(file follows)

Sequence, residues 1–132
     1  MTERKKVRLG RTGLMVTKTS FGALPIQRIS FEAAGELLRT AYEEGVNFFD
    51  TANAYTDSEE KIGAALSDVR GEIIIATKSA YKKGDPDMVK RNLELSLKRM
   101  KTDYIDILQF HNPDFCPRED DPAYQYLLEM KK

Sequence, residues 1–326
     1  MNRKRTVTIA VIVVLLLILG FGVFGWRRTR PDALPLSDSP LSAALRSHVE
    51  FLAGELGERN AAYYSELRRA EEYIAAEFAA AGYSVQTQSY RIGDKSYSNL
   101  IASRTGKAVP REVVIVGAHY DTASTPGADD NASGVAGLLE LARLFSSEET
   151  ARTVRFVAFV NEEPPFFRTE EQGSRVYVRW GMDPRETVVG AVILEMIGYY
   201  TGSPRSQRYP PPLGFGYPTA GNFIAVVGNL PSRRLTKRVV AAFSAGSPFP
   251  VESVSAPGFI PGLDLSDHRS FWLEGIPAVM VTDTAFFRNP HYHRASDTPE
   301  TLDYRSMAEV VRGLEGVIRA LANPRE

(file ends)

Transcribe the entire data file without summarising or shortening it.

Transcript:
Sequence, residues 1–132
     1  MTERKKVRLG RTGLMVTKTS FGALPIQRIS FEAAGELLRT AYEEGVNFFD
    51  TANAYTDSEE KIGAALSDVR GEIIIATKSA YKKGDPDMVK RNLELSLKRM
   101  KTDYIDILQF HNPDFCPRED DPAYQYLLEM KK

Sequence, residues 1–326
     1  MNRKRTVTIA VIVVLLLILG FGVFGWRRTR PDALPLSDSP LSAALRSHVE
    51  FLAGELGERN AAYYSELRRA EEYIAAEFAA AGYSVQTQSY RIGDKSYSNL
   101  IASRTGKAVP REVVIVGAHY DTASTPGADD NASGVAGLLE LARLFSSEET
   151  ARTVRFVAFV NEEPPFFRTE EQGSRVYVRW GMDPRETVVG AVILEMIGYY
   201  TGSPRSQRYP PPLGFGYPTA GNFIAVVGNL PSRRLTKRVV AAFSAGSPFP
   251  VESVSAPGFI PGLDLSDHRS FWLEGIPAVM VTDTAFFRNP HYHRASDTPE
   301  TLDYRSMAEV VRGLEGVIRA LANPRE